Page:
China scolds G7 foreign ministers over Taiwan statement

A G7 foreign minister's joint statement warned that China's escalatory response risked increasing tensions and destabilizing the region and said it was routine for legislators from their countries to travel internationally.
Representative image
Representative image

BEIJING: China scolded foreign ministers of the Group of Seven (G7) nations on Thursday for telling Beijing not to use a visit by U.S. House of Representatives Speaker Nancy Pelosi to Taiwan as a "pretext for aggressive military activity in the Taiwan Strait".

China responded to Pelosi's visit to Taiwan earlier this week by ordering live-fire military drills in the waters surrounding the self-governed island, which Beijing regards as its sovereign territory. A G7 foreign minister's joint statement warned that China's escalatory response risked increasing tensions and destabilizing the region and said it was routine for legislators from their countries to travel internationally.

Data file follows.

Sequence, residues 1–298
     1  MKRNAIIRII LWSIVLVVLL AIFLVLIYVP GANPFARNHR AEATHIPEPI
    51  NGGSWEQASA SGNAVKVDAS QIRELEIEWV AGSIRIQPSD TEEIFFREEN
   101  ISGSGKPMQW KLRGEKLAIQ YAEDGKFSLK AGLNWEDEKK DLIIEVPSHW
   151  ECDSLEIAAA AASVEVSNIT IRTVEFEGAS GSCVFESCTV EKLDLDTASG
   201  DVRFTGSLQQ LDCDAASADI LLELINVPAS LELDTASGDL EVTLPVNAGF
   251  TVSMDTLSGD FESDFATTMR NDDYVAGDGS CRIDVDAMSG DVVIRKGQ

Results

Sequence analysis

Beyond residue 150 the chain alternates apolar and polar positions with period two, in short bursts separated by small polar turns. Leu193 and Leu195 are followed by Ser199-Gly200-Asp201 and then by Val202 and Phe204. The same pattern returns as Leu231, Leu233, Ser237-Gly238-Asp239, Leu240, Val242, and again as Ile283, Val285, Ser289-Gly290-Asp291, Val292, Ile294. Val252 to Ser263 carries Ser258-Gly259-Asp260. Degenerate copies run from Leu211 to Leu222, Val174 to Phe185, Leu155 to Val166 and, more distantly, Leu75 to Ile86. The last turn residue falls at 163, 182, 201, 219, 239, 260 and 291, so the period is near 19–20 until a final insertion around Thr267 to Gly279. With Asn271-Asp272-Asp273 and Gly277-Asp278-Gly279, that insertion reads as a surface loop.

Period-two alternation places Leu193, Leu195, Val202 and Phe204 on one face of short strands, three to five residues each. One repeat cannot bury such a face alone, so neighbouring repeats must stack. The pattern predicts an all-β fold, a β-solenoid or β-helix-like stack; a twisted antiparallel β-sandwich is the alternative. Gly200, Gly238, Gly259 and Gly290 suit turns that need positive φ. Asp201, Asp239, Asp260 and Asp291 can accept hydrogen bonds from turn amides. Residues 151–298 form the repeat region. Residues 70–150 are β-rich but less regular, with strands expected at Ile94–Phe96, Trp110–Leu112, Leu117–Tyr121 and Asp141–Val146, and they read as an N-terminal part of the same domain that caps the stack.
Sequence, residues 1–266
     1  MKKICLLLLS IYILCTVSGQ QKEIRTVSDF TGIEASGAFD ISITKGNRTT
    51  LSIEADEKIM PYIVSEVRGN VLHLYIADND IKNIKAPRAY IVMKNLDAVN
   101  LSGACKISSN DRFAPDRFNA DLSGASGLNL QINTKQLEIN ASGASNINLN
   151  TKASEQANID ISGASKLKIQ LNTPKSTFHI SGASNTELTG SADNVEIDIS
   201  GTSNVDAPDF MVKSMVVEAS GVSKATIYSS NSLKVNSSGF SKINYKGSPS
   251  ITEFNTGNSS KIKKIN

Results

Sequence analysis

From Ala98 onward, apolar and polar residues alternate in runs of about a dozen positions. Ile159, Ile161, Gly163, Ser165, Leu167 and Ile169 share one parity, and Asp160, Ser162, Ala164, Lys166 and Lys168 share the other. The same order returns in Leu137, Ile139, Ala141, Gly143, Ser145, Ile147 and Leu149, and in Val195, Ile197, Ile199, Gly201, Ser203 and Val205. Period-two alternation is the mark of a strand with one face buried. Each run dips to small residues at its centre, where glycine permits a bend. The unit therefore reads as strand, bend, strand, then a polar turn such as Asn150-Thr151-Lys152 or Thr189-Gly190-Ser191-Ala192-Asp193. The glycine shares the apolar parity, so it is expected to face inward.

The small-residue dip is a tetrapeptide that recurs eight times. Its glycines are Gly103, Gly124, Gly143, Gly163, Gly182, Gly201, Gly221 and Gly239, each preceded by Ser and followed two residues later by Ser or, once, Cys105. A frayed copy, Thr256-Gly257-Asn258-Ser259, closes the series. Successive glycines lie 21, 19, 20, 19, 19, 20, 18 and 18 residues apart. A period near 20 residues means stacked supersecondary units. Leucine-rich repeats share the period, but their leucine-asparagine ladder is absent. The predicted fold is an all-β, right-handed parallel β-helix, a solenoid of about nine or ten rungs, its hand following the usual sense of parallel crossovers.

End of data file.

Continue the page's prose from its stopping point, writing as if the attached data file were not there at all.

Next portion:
Chinese Foreign Minister Wang Yi rejected their statement and chided them for ignoring the provocation that had come from the U.S. side. "It groundlessly criticizes China for taking such measures, which are reasonable and legitimate steps to safeguard its sovereignty and territorial integrity," Wang said in a statement issued by his ministry.

"From where have they received such a prerogative? Who has given them such qualifications to? To shield the infringer of rights and to accuse their defenders - how inexplicable!" The G7 statement had aroused "great indignation" among the Chinese people, he said.

"Today's China is no longer the China of the 19th century. History should not repeat itself, and it will never repeat itself!" Due to the statement from G7, which Japan is part of, China canceled a meeting between Wang and his Japanese counterpart Yoshimasa Hayashi on the sidelines of ASEAN events in Cambodia, said Hua Chunying, the spokesperson at the Chinese foreign ministry.

Hua added that if other G7 nations follow in the footsteps of the United States over the Taiwan issue, then that means they themselves have no independence in their diplomacy and policies. "(They) should adhere to the consensus reached by China on the one-China policy, as this is the most important political premise and basis for China's relations with them," Hua said.

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